Dixie Highway, a 5,786-mile route spanning ten states, stretches from Michigan to Florida. First conceived during the early 20th century, the highway borrows its name from a moniker for the American South—particularly those states that belonged to the Confederacy. But now, in an effort to push back against the country’s slaveholding history, sections of Dixie Highway in Florida are set to be renamed in honor of intrepid abolitionist Harriet Tubman.
Last week, Miami-Dade County commissioners unanimously approved a plan to change the roadway’s name to Harriet Tubman Highway. The renaming only applies to parts of the highway that fall under the county’s jurisdiction; per the Miami Herald’s Douglas Hanks, U.S. 1 in South Dade remains under state control and will retain the Dixie Highway name unless Miami-Dade lawyers can successfully lobby the Florida Legislature to rename the roadway statewide.
How “Dixie” arose as a nickname for the South is unknown, but the term may reference the Mason-Dixon Line, a boundary drawn between Pennsylvania and Maryland in 1767. The initial purpose of the line was to settle a border dispute, but during the years leading up to the Civil War, it emerged as a political, social and cultural boundary between free states to the North and slaveholding states to the South.
The popularity of “Dixie” as a reference to the South appears to have been driven by Daniel Decatur Emmett’s 1859 song “Dixie.” The tune, written for minstrel performances in which white actors sang in blackface, opens with the lines, “Oh, I wish I was in the land of cotton. Old times there are not forgotten. Look away! Look away! Look away! Dixie Land.”
The song was a hit—Abraham Lincoln reportedly called it “one of the best tunes I have ever heard”—and though Emmett was based in New York, “Dixie” soon took hold in the South. As the unofficial anthem of the Confederacy, the tune was even played at the February 1861 inauguration of Confederate President Jefferson Davis.
Tammy Ingram, author of Dixie Highway: Road Building and the Making of the Modern South, 1900-1930, tells the New York Times’ Audra D. S. Burch that the name of the ambitious roadway project “was chosen to promote the South.” This association proved troubling to 16-year-old Isabella Banos, who noticed a sign for the highway while driving on South Dixie Highway with grandfather Modesto Abety-Gutierrez last July.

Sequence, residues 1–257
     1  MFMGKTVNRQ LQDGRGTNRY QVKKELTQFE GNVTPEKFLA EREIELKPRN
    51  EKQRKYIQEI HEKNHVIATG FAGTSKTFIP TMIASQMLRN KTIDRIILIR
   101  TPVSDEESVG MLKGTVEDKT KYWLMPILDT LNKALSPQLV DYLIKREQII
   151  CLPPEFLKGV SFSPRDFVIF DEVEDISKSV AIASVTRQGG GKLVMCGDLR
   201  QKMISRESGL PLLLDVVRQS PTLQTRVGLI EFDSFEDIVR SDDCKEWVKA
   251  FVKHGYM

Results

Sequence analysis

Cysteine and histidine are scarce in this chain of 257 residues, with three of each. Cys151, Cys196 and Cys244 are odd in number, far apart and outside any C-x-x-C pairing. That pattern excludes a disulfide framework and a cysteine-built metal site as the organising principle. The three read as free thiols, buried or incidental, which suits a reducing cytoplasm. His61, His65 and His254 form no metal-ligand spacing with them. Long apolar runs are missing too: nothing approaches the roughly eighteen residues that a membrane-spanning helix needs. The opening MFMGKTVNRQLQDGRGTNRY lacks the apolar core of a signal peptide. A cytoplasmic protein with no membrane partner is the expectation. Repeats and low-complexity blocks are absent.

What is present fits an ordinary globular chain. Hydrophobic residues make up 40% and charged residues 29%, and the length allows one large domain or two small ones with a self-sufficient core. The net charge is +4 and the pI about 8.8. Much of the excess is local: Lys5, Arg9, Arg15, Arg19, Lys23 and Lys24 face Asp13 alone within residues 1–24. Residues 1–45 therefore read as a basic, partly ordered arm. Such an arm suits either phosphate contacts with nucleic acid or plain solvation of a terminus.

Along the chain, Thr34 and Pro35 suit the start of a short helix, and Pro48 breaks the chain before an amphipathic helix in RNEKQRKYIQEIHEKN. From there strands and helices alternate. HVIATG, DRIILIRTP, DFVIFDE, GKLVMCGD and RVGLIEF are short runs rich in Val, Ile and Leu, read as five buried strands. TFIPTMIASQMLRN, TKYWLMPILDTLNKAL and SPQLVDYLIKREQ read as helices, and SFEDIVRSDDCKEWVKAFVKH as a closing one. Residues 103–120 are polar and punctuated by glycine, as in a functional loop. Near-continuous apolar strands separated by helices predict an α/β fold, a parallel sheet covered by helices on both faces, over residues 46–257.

Prompted by his granddaughter, Abety-Gutierrez reached out to the Miami-Dade commissioners.
“We’ve got to change this,” he wrote, as quoted by the Times. “I hope you agree.”
In their resolution to rename the highway, the commissioners note that “Dixie represents a troubling time in our nation’s past, marred by the inhumane celebration and unconscionable profit of the perils of racism, segregation, and the atrocities of slavery.”
Banos suggested that the road’s new name should honor Harriet Tubman, who escaped from slavery in Maryland and, at great personal risk, ushered around 70 other enslaved people to freedom along the Underground Railroad.
“She was the antithesis of slavery,” Miami-Dade District 9 Commissioner Dennis Moss tells Alisha Ebrahimji of CNN. “I thought that suggestion was a good suggestion.”
It remains to be seen whether the renaming of Dixie Highway in Miami-Dade County spurs similar movements in other states, where lawmakers will have to go through their own processes to enact name changes. Moving forward, Moss plans to urge the state of Florida to remove the Dixie name from roadways under its jurisdiction.
“The time is always right,” he tells CNN, referencing one of Martin Luther King Jr.’s sermons, “to do what is right.”